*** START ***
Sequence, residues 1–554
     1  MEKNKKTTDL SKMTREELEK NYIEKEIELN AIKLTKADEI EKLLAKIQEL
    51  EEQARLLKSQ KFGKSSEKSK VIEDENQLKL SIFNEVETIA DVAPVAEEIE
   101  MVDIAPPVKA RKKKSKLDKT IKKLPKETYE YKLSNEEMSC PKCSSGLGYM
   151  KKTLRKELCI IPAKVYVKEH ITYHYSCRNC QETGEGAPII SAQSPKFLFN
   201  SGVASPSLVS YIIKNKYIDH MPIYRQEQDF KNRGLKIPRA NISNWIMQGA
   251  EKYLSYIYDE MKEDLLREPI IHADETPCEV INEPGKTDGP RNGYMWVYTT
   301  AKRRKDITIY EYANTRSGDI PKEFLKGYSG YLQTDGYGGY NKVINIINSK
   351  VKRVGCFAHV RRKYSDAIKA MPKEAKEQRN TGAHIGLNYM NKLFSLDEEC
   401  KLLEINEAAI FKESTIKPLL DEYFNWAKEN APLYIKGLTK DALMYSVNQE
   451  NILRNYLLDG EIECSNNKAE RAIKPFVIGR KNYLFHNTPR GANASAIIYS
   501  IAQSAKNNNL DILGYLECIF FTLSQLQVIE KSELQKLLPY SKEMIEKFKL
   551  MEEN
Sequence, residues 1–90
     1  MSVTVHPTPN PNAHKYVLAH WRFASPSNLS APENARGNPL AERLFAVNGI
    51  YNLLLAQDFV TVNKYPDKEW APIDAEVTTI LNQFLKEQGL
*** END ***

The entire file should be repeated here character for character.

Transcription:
Sequence, residues 1–554
     1  MEKNKKTTDL SKMTREELEK NYIEKEIELN AIKLTKADEI EKLLAKIQEL
    51  EEQARLLKSQ KFGKSSEKSK VIEDENQLKL SIFNEVETIA DVAPVAEEIE
   101  MVDIAPPVKA RKKKSKLDKT IKKLPKETYE YKLSNEEMSC PKCSSGLGYM
   151  KKTLRKELCI IPAKVYVKEH ITYHYSCRNC QETGEGAPII SAQSPKFLFN
   201  SGVASPSLVS YIIKNKYIDH MPIYRQEQDF KNRGLKIPRA NISNWIMQGA
   251  EKYLSYIYDE MKEDLLREPI IHADETPCEV INEPGKTDGP RNGYMWVYTT
   301  AKRRKDITIY EYANTRSGDI PKEFLKGYSG YLQTDGYGGY NKVINIINSK
   351  VKRVGCFAHV RRKYSDAIKA MPKEAKEQRN TGAHIGLNYM NKLFSLDEEC
   401  KLLEINEAAI FKESTIKPLL DEYFNWAKEN APLYIKGLTK DALMYSVNQE
   451  NILRNYLLDG EIECSNNKAE RAIKPFVIGR KNYLFHNTPR GANASAIIYS
   501  IAQSAKNNNL DILGYLECIF FTLSQLQVIE KSELQKLLPY SKEMIEKFKL
   551  MEEN
Sequence, residues 1–90
     1  MSVTVHPTPN PNAHKYVLAH WRFASPSNLS APENARGNPL AERLFAVNGI
    51  YNLLLAQDFV TVNKYPDKEW APIDAEVTTI LNQFLKEQGL